Then it looks like you need to use a 3rd party tool (IrfanView was
mentioned by another poster as were other image editing programs). MS
Paint can do some things but it was just fluff added to Windows to bloat
its feature set. WordPad is useful, too, but can't compete against
Open/LibreOffice or KingSoft Office Suite.
 
J

J. P. Gilliver (John)

Paul in Houston TX said:
I don't use any of those programs since Irfan takes the place
of all of them.
Irfan, can crop the pic then print.
It can also resize.

+1; it reads TIFF, crop, draw coloured lines on, etc., and the print
screen is very versatile - it shows a little mimic of the piece of
paper. You can set a size in pixels, inches, or cm., retaining the
aspect ratio or not, best fit to page retaining aspect ratio or not ...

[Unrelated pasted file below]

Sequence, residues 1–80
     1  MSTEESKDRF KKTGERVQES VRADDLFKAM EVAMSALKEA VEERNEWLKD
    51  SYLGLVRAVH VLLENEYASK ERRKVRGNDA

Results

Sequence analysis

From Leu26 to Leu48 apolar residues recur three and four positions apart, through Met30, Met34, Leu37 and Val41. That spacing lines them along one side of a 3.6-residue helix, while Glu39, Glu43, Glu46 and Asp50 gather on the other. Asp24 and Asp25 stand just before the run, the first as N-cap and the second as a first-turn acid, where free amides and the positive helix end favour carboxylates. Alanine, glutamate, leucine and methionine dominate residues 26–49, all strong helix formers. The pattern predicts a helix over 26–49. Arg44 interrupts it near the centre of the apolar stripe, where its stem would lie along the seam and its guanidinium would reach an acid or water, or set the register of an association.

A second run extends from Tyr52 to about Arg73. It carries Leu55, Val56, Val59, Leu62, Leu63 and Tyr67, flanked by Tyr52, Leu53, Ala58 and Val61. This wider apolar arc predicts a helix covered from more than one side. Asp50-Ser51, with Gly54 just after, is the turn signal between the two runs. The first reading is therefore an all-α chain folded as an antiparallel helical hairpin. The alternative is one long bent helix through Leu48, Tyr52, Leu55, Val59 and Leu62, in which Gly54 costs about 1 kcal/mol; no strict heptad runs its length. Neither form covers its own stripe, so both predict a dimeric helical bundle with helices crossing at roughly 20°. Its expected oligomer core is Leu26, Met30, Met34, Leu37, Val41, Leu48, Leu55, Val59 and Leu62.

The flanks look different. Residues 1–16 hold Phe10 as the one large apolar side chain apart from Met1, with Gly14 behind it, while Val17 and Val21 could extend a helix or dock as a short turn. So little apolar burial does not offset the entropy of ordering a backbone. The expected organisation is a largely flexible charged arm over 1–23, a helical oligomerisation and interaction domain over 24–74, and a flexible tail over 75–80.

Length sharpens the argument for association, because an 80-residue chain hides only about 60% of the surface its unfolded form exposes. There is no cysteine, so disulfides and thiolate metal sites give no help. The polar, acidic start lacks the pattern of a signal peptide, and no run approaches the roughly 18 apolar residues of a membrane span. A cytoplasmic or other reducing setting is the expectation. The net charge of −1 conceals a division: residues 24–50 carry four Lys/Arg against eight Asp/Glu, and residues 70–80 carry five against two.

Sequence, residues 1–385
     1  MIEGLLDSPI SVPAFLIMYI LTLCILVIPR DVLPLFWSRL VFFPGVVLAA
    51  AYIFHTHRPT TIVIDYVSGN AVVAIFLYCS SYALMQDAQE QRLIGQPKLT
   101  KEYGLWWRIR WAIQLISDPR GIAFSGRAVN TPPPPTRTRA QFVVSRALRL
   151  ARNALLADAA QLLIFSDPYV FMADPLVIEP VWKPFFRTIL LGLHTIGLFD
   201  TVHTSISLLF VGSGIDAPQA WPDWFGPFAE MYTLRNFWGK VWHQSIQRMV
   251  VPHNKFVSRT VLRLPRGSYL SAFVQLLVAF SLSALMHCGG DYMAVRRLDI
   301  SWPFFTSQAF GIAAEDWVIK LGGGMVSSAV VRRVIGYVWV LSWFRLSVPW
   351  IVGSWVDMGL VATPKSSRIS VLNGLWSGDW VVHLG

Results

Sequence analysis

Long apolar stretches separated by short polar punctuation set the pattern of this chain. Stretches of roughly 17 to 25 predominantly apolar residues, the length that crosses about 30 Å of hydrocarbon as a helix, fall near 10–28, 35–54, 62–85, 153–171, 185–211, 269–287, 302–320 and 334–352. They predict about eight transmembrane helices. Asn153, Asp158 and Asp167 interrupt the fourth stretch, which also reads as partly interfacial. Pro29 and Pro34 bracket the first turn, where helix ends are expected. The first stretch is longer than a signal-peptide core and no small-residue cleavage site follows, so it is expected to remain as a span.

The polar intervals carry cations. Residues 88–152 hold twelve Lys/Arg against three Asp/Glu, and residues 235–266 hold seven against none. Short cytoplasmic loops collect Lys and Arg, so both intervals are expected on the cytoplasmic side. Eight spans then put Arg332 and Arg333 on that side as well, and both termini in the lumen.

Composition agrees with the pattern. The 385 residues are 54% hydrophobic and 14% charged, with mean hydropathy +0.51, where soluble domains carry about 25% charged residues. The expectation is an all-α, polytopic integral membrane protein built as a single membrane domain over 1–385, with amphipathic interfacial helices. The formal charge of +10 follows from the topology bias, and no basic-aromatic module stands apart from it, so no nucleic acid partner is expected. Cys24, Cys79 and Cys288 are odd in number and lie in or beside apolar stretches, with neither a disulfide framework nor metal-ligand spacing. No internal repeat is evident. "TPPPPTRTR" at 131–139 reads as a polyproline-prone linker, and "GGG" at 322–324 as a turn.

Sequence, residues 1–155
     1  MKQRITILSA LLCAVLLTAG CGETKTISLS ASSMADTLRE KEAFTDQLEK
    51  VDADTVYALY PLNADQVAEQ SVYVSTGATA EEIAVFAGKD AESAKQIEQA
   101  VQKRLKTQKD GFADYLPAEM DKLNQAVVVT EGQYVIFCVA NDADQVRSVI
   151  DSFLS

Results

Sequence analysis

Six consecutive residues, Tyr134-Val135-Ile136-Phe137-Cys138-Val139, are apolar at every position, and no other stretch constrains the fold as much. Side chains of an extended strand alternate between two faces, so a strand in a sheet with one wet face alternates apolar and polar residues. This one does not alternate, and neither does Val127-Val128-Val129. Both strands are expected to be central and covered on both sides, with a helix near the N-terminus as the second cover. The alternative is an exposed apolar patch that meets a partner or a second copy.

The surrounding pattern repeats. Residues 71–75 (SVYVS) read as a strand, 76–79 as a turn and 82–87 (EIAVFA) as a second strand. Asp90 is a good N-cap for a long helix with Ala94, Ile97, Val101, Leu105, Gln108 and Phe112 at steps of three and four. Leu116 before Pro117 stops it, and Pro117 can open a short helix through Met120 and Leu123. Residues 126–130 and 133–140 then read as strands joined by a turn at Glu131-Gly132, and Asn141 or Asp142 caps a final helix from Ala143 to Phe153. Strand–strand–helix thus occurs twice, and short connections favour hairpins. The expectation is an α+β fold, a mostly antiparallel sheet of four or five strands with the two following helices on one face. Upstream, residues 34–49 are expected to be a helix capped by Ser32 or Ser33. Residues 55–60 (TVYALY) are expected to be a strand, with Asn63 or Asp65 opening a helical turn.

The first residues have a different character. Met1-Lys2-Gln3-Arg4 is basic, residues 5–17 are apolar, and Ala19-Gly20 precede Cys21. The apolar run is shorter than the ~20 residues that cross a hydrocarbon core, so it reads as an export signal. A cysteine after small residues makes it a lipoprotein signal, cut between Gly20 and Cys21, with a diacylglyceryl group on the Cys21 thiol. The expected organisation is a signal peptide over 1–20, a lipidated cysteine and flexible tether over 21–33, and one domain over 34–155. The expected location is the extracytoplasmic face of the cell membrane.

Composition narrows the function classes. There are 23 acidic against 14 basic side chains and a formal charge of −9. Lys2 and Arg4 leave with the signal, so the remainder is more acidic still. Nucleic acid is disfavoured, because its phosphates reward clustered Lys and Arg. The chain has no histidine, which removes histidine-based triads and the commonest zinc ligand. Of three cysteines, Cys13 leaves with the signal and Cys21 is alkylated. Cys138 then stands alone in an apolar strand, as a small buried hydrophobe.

M

micky

+1; it reads TIFF, crop, draw coloured lines on, etc., and the print
screen is very versatile - it shows a little mimic of the piece of
paper. You can set a size in pixels, inches, or cm., retaining the
aspect ratio or not, best fit to page retaining aspect ratio or not ...

Well, Irfanview didn't do much for me. But I'm satisfied with another
method, so if you're like me and you start your reply at the same time
you start reading, bear that in mind.

I took the file after I had used MSPaint to draw my colored lines, and I
used Irfan to convert it from TIF to JPG, and it continued to be a small
drawing in the corner. I couldn't manage to resize it using resize. I
put 200 or 300 percent in the percent field, and sometimes it took no
time, other times it took quite a while with the hourglass, but when it